With an outbreak of the swine flu disease in other parts of the world, local authorities are working to ensure the illness does not reach Guyana’s shores.
African swine fever (ASF) is a viral disease of pigs and wild boar that is usually deadly. There are no vaccines nor cures. For this reason, it has serious socio-economic consequences in affected countries. However, humans are not susceptible to the disease.
Deputy Chief Executive Officer (CEO) of the Guyana Livestock Development Authority (GLDA), Dr. Dwight Walrond, said the recent spread of ASF in Europe and most recently in Asia, is responsible for huge economic losses within the pig industry, endangering the livelihoods of many smallholders.
Dr. Walrond made these remarks Thursday morning while addressing journalists at a media conference, at the GLDA Head Quarters, Agriculture Road, Mon Repos.
The Deputy CEO noted too that strong collaboration by the regional and international communities, as well as good communication, are essential to minimising the effects of the devastating ASF.
Given the gravity of the situation and following the request of its member countries at the general session in May, the World Organisation for Animal Health (OIE) launched a global initiative for the control of ASF. The objective is to control the disease, strengthen countries’ prevention and preparation efforts, and minimise the adverse effects on animal health, animal welfare and international trade.
Dr. Walrond highlighted that the American regions of which includes Guyana, is free of the disease and its free status must be preserved. However, he said lack of precautions by professionals, hunters, travellers, farmers, or even anyone unaware of its transmission pathways could result in the emergence of ASF.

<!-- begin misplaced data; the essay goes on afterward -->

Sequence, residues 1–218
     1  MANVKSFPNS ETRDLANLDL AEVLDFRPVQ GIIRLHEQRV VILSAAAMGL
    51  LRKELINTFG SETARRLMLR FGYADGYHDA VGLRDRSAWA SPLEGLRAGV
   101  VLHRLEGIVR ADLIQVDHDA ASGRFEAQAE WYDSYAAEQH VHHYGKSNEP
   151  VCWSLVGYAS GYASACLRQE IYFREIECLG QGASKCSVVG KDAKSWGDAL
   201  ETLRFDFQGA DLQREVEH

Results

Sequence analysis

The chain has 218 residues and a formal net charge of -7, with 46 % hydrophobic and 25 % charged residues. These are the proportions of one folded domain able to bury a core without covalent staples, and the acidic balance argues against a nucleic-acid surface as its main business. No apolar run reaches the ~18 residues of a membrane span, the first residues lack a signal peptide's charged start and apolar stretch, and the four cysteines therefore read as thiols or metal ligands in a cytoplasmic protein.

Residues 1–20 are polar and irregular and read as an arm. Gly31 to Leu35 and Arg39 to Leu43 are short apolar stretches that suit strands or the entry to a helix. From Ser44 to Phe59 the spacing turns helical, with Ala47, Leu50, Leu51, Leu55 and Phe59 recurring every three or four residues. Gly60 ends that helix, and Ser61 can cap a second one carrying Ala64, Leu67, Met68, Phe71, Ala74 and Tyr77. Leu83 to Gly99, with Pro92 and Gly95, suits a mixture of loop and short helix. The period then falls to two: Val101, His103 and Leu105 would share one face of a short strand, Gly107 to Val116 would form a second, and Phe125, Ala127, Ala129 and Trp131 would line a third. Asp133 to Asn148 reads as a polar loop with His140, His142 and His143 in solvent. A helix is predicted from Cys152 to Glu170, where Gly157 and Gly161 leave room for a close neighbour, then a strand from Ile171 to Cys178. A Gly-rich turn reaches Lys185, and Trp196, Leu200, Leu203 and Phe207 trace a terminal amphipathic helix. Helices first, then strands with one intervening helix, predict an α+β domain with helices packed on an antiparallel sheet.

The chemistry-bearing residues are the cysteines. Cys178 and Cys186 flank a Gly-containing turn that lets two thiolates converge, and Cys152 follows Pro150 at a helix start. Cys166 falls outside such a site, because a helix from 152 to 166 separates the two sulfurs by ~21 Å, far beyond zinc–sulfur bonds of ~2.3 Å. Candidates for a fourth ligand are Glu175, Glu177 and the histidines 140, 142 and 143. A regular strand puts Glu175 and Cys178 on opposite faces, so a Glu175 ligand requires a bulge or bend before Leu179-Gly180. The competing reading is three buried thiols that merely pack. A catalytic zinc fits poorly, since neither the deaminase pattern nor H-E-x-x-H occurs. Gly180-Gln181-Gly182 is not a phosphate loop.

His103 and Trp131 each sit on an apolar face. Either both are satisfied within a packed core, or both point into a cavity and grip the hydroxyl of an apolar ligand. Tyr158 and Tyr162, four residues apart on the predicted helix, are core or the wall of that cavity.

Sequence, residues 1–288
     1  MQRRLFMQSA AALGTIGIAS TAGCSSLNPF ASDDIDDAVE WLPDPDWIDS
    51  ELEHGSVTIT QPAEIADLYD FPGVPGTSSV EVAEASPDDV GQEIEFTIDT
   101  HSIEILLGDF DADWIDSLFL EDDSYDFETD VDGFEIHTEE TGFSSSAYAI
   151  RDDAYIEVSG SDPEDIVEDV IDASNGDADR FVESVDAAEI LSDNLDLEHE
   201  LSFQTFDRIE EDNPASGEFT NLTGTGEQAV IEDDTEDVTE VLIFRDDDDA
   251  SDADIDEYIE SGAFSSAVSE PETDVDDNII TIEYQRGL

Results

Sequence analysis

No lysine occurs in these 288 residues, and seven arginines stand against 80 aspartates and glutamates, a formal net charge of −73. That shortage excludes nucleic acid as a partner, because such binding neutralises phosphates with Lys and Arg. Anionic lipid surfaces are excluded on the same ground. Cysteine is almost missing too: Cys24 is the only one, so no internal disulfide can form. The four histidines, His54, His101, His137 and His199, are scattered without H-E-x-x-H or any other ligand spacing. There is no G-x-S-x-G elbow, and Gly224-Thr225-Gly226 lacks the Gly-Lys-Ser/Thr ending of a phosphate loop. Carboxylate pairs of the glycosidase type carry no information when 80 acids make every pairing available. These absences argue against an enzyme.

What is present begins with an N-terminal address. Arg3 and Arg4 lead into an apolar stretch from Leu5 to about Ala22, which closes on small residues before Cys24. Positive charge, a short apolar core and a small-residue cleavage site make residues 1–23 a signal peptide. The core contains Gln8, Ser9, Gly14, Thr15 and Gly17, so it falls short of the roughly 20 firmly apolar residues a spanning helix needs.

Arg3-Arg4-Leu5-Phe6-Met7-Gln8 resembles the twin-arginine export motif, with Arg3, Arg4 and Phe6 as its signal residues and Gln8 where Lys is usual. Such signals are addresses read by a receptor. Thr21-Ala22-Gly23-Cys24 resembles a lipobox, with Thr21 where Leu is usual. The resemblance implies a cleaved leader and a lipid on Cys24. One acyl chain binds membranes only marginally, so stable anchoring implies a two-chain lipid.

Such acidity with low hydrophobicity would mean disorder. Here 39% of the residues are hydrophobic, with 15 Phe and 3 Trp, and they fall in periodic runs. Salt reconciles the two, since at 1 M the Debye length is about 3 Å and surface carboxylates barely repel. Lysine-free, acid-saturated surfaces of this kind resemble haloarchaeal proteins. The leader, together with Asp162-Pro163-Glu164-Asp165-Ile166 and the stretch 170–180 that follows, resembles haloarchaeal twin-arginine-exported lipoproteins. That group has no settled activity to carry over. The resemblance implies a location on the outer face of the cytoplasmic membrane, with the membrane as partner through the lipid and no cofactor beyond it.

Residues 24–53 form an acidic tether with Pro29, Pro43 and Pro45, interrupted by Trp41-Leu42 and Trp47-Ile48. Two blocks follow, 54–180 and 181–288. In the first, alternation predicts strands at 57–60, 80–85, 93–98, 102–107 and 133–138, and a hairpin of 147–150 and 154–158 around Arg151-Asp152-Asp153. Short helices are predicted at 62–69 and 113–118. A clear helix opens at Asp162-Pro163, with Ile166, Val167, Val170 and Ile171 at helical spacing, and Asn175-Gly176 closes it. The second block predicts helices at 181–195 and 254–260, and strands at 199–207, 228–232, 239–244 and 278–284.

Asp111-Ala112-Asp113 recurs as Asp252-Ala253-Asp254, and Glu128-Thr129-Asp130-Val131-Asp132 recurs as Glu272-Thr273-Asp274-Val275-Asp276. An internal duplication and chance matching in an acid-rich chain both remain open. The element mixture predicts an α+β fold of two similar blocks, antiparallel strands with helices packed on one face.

Dr. Walrond said the 10th meeting of the GF TADs Steering Committee of the Americas, which received successful participation from 15 OIE delegates, senior authorities, alongside Regional Organisations representing North, Central and South America, held a discussion which led to the creation of a Standing Group of Experts on African Swine Fever (SGE-ASF), taking the SGE ASF created in the European region in 2014 as a model.
“Indeed, developing measures specific and adaptable to the region is essential to prevent the entry of the disease thanks to the definition of priority actions oriented to local needs and complementary of the global initiative. Internationally recognised ASF or swine disease experts with experience working in Europe or Asia will be launched in the group on an ad hoc basis on the agreement of the SGE-ASF.”
He underscored that the presence of representatives of the pig industry is to be noted, citing that this is a good example of how Private-Public Partnerships (PPPs) can reinforce the effectiveness of veterinary service activities and support the implementation of a global programme for the control and the eradication of animal diseases. [Extracted and Modified from DPI]